Works on the new stand start on Tuesday the 28th, however at the same day a strike breaks out at the port of Marseille which prevents the delivery of the necessary materials. French Football Federation (FFF) refuses to postpone the match, but Sud Tribune assures that they will be able to get the materials on the island itself.
Bastia is eager to start the ticket sales for the extra stand, however these cannot be sold yet as the FFF first requires a positive safety report. This safety reports follows on Wednesday, however, as was pointed out after the disaster, fails to include the confirmation of the official safety commission. Ticket sales can start though, but the Corsicans soon find themselves stunned by the prices that have been increased by 75% in comparison with the quarter-final.
A day later, the safety commission then finally gives its stamp of approval, and despite the initial delays works seem to progress steadily over the weekend. However, on Monday (one day before the match) bad news arrives as the fire department has encountered anomalies and considers the safety of the stand to be insufficient. Frantic last-minute works are executed until a few hours before kickoff.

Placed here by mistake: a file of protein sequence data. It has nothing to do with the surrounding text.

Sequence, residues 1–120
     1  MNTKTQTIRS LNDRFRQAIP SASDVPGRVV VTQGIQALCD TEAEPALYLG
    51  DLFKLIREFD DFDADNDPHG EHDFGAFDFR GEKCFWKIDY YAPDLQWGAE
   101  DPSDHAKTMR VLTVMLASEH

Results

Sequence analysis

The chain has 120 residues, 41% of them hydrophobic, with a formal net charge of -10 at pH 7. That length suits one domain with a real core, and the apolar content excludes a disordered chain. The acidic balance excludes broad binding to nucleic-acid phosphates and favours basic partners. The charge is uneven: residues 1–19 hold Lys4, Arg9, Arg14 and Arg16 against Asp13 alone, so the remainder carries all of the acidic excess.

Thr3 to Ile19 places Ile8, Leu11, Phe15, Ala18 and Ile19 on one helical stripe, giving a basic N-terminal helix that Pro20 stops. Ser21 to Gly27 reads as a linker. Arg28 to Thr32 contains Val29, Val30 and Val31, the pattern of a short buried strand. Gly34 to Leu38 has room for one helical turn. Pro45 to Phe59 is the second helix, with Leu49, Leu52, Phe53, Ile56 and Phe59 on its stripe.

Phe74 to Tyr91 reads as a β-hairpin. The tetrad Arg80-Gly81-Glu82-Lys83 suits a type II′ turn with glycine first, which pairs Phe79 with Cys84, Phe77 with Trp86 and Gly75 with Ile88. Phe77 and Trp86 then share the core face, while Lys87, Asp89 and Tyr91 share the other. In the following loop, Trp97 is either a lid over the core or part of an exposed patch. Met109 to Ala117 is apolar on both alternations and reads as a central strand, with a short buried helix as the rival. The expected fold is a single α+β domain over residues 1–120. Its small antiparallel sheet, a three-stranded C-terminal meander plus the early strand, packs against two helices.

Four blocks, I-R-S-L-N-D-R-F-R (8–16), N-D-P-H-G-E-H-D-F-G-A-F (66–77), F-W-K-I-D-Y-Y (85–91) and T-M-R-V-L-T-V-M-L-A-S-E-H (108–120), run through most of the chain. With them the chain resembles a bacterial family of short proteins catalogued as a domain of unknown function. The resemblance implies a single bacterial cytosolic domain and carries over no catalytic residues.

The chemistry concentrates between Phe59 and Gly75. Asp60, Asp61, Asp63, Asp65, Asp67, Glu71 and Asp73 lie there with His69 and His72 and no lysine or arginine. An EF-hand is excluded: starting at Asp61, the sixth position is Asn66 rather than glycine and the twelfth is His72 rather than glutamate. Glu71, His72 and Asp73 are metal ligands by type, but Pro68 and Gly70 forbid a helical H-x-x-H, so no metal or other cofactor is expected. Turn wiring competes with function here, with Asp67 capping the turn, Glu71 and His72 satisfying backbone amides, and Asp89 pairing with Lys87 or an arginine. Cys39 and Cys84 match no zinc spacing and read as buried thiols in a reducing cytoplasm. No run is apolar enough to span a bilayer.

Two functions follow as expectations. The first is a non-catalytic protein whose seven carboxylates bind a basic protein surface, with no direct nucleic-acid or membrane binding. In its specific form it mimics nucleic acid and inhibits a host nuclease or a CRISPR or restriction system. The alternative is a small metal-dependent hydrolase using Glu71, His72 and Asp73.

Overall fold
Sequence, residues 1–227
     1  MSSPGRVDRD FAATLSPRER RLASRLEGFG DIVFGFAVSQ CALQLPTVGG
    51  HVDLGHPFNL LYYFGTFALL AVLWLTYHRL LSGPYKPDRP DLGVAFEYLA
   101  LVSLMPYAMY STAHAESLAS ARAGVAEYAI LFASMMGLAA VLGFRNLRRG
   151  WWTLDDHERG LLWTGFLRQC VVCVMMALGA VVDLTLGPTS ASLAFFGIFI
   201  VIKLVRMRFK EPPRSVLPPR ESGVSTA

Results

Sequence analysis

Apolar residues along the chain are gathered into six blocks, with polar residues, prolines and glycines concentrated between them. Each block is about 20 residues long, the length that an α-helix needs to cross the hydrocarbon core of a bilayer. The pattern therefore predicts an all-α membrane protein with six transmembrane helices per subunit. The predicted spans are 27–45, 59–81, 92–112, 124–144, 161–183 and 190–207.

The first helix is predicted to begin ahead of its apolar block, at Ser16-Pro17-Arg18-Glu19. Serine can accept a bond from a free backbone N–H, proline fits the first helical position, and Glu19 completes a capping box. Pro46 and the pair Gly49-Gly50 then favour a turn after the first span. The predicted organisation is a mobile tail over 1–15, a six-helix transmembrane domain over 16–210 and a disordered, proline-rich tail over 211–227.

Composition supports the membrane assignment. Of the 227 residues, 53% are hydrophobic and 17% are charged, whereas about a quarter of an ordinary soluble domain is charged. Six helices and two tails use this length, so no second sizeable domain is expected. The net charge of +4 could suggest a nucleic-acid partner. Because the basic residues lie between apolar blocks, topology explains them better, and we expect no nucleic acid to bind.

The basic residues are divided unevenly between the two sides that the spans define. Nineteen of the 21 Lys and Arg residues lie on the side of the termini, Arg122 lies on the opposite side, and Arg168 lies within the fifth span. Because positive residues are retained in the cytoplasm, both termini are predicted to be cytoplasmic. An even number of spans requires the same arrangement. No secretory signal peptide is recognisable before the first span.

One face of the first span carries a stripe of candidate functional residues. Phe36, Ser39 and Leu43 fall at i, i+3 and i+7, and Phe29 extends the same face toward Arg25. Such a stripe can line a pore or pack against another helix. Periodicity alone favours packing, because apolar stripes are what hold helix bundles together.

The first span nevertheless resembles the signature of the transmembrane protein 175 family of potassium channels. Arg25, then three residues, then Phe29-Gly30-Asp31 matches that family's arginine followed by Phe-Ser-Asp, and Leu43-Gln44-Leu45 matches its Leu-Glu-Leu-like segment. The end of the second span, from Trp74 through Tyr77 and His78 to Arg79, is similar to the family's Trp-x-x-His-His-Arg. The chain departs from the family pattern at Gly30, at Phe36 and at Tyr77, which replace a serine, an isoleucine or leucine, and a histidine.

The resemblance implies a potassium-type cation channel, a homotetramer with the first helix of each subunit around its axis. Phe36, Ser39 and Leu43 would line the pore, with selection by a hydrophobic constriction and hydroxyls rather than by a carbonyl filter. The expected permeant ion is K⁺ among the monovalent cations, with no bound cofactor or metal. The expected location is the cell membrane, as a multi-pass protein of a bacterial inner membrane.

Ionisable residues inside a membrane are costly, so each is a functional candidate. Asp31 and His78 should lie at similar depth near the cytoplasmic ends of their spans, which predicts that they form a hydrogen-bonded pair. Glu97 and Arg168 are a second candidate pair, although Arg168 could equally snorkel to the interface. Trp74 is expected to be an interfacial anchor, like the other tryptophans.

On the day of the match Bastia is gripped by football fever. As early as four hours before kickoff the first fans are heading toward the stadium located just south outside of the city, meanwhile waving their flags and working their car horns.
Ninety minutes before kickoff the stadium is already packed and the atmosphere is thrilling. However, those seated at the temporary North Stand are starting to voice their concerns, comparing the stand to a rocking boat. The tension is palpable and some refuse to move up the stand. Others call for postponing the match, however no decision is taken.
Some pre-match images in the next video. The stand in question is the long one with the floodlights in the middle.
By 8:00 pm, when the players enter the pitch to warm up under a rapturous applause, people have started to seriously frighten and some panic. In the meantime engineers are tightening bolts and repairing defects at the base of the stand.